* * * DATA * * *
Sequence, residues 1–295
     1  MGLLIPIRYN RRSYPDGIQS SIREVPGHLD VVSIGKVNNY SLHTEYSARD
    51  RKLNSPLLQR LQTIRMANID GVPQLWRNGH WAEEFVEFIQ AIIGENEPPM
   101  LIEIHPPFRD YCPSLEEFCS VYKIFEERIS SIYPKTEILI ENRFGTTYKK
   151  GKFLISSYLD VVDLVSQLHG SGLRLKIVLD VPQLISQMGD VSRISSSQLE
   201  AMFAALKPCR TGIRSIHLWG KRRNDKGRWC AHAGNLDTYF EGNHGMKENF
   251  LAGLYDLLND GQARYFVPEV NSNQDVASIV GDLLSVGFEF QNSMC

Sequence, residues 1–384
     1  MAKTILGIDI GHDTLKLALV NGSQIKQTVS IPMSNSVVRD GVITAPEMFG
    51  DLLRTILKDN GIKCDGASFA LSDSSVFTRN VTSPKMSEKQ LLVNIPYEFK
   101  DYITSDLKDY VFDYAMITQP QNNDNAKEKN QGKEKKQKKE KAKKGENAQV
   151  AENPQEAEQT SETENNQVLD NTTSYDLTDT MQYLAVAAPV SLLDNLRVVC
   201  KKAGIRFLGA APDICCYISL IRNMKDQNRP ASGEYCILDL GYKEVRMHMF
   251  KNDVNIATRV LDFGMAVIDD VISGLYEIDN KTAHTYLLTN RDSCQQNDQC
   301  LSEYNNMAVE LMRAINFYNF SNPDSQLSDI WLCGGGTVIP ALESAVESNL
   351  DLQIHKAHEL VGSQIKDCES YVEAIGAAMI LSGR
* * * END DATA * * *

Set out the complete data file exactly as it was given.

Sequence, residues 1–295
     1  MGLLIPIRYN RRSYPDGIQS SIREVPGHLD VVSIGKVNNY SLHTEYSARD
    51  RKLNSPLLQR LQTIRMANID GVPQLWRNGH WAEEFVEFIQ AIIGENEPPM
   101  LIEIHPPFRD YCPSLEEFCS VYKIFEERIS SIYPKTEILI ENRFGTTYKK
   151  GKFLISSYLD VVDLVSQLHG SGLRLKIVLD VPQLISQMGD VSRISSSQLE
   201  AMFAALKPCR TGIRSIHLWG KRRNDKGRWC AHAGNLDTYF EGNHGMKENF
   251  LAGLYDLLND GQARYFVPEV NSNQDVASIV GDLLSVGFEF QNSMC

Sequence, residues 1–384
     1  MAKTILGIDI GHDTLKLALV NGSQIKQTVS IPMSNSVVRD GVITAPEMFG
    51  DLLRTILKDN GIKCDGASFA LSDSSVFTRN VTSPKMSEKQ LLVNIPYEFK
   101  DYITSDLKDY VFDYAMITQP QNNDNAKEKN QGKEKKQKKE KAKKGENAQV
   151  AENPQEAEQT SETENNQVLD NTTSYDLTDT MQYLAVAAPV SLLDNLRVVC
   201  KKAGIRFLGA APDICCYISL IRNMKDQNRP ASGEYCILDL GYKEVRMHMF
   251  KNDVNIATRV LDFGMAVIDD VISGLYEIDN KTAHTYLLTN RDSCQQNDQC
   301  LSEYNNMAVE LMRAINFYNF SNPDSQLSDI WLCGGGTVIP ALESAVESNL
   351  DLQIHKAHEL VGSQIKDCES YVEAIGAAMI LSGR